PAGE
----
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Repost of Carrying and cocycles by james dolan (part one)

by Chris Hillman
Tags: dolan, james, repost
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Chris Hillman
#1
Aug29-07, 09:06 PM
Sci Advisor
P: 2,340
The phrase "Hilbert scheme" came up in thread X, while thread Y mentioned some mathematically interesting aspects of "casting out nines". Naturally this reminded me of an occurence of homological algebra in the daily life of third graders. I am accordingly reposting for your reading pleasure a classic three-part sci.math post by james dolan (this version is itself a repost of the still earlier post):

From: *** (james dolan)
Newsgroups: sci.math
Subject: carrying, part 1 (re-post)
Date: 19 Jan 1994 20:10:30 -0800
Organization: fair play for neptune committee

[part 1 of n]

in another thread, i wrote:

  >ron maimon wrote:
  >
  >>Well, I don't remember when I was six, but I remember when I first
  >>understood a mathematical concept. I was on a school bus, I was 10
  >>years old, and I finally understood why you carry a "1" when you do
  >>addition. I mean, I _really_ understood why. I remember most of my
  >
  >
  >well, i'm impressed.  i was well into my thirties before i realized
  >that the "carry digit" function is the premier example of a
  >2-cocycle.

some people have asked me to elaborate on this, so i will try to do
so, particularly since it ties in somewhat with questions tim chow has
been asking about homological algebra lately.

first of all, what do i mean by the "carry digit" function here?
well, the binary operation of addition of single-digit numbers gives
as output a number with two digits: the "ones" (or "least
significant") digit, and the "tens" (or "most significant") digit.
doing the case of base five so as to keep the table small, for
example, here is the addition table you get:

      0  1  2  3  4
    _______________
   |
 0 | 00 01 02 03 04
   |
 1 | 01 02 03 04 10
   |
 2 | 02 03 04 10 11
   |
 3 | 03 04 10 11 12
   |
 4 | 04 10 11 12 13

it turns out to be interesting, from the utmost practical point of
view (for example in the implementation of arithmetic on computers)
just as well as from the utmost theoretical point of view, to break up
this double-digit-number-valued function into two
single-digit-number-valued functions.  focussing on just the "ones"
digit, we get the well-known operation of "addition of integers modulo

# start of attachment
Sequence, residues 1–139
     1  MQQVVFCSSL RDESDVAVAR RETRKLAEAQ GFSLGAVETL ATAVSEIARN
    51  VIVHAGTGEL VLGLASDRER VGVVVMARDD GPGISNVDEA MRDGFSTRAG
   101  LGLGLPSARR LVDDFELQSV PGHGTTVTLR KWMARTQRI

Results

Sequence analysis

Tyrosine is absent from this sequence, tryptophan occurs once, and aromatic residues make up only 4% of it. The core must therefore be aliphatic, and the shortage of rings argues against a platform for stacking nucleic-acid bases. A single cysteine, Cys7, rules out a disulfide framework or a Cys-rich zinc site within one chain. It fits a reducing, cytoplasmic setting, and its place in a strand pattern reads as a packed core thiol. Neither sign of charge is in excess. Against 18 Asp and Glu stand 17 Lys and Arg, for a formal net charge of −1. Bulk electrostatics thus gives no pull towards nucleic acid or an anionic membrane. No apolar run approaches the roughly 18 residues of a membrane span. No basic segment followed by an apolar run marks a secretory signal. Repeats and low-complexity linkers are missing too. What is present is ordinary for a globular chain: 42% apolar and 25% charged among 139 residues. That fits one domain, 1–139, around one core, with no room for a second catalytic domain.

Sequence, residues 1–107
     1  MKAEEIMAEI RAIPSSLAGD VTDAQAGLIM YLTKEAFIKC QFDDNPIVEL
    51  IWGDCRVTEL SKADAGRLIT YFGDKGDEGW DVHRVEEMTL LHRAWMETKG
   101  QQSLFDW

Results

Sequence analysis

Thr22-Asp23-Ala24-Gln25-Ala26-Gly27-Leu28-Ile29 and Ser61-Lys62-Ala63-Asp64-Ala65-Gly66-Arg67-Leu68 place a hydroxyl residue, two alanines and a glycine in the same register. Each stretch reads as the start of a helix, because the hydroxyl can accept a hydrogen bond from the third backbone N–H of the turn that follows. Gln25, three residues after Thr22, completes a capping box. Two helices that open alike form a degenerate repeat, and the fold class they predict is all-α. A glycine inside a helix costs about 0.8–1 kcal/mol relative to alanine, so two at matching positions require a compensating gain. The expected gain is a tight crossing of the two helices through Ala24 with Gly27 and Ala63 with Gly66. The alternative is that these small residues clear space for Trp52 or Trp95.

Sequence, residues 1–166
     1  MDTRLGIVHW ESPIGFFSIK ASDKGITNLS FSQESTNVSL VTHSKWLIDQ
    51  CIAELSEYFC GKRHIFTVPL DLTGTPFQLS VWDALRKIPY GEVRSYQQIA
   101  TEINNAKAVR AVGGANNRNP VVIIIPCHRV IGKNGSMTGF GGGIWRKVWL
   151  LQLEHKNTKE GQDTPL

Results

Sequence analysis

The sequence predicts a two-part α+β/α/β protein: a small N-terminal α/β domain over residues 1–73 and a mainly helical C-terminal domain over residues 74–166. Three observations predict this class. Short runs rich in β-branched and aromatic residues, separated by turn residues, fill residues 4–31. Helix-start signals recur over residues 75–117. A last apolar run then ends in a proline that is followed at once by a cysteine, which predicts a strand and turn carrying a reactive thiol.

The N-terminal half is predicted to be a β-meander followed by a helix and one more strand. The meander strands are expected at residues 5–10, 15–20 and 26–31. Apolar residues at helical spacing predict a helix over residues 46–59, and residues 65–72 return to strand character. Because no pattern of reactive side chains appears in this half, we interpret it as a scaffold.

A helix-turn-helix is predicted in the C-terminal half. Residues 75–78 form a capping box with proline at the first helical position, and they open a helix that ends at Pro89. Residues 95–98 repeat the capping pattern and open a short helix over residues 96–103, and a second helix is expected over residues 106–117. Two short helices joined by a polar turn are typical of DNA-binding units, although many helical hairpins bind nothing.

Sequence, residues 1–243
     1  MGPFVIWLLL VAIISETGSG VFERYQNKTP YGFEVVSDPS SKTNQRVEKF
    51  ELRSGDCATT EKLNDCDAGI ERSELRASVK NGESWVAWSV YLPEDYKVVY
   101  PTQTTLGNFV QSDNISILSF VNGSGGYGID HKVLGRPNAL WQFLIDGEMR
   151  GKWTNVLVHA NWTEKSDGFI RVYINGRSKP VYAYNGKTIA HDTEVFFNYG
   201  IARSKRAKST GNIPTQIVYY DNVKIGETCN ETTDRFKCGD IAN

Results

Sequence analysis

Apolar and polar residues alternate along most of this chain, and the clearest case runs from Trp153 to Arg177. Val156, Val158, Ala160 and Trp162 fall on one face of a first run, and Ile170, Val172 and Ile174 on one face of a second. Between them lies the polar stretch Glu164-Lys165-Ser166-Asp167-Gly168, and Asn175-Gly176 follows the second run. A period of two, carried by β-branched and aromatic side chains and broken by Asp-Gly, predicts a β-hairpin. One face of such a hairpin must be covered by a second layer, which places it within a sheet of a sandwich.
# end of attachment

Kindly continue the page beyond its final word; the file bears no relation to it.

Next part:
the multiples of five":

      0  1  2  3  4
    _______________
   |
 0 |  0  1  2  3  4
   |
 1 |  1  2  3  4  0
   |
 2 |  2  3  4  0  1
   |
 3 |  3  4  0  1  2
   |
 4 |  4  0  1  2  3

focussing on just the "tens" digit, on the other hand, we get the equally
important but less remarked upon "carry digit" operation:

      0  1  2  3  4
    _______________
   |
 0 |  0  0  0  0  0
   |
 1 |  0  0  0  0  1
   |
 2 |  0  0  0  1  1
   |
 3 |  0  0  1  1  1
   |
 4 |  0  1  1  1  1

so what is going on here?  let's note the following particular features
of the situation:

1.  we have a "big" group (the group of two-digit numbers, under the
operation of addition modulo the multiples of 100), and two "small"
groups (the "tens" group {00,10,20,30,40} and the "ones" group
{0,1,2,3,4}).  the big group can be thought of as "built out of" the
two small groups, but in a slightly tricky way that makes crucial use
of the carry digit function, and that has the "ones" group and the
"tens" group playing sharply contrasting roles.

(be careful to note that the word "group" here is being used in its
technical mathematical sense, meaning a set equipped with a certain
sort of binary operation into itself, which in all the cases we're
interested in here is more or less just the binary operation of
addition.)

2.  the "tens" group can be thought of as a "subgroup" of the big
group.  that is, the elements 00, 10, 20, 30, 40 of the "tens" group
add together in the big group just the same way they add together
among themselves.

the "ones" group, on the other hand, can _not_ be thought of as a
subgroup of the big group.  that is, the elements 0, 1, 2, 3, 4 of the
"ones" group add together very differently depending on whether they
are thought of as belonging to the big group or as forming a small
group all by themselves.  for example 4+4 = 13 using the addition
operation in the big group, which is different from the answer 4+4 = 3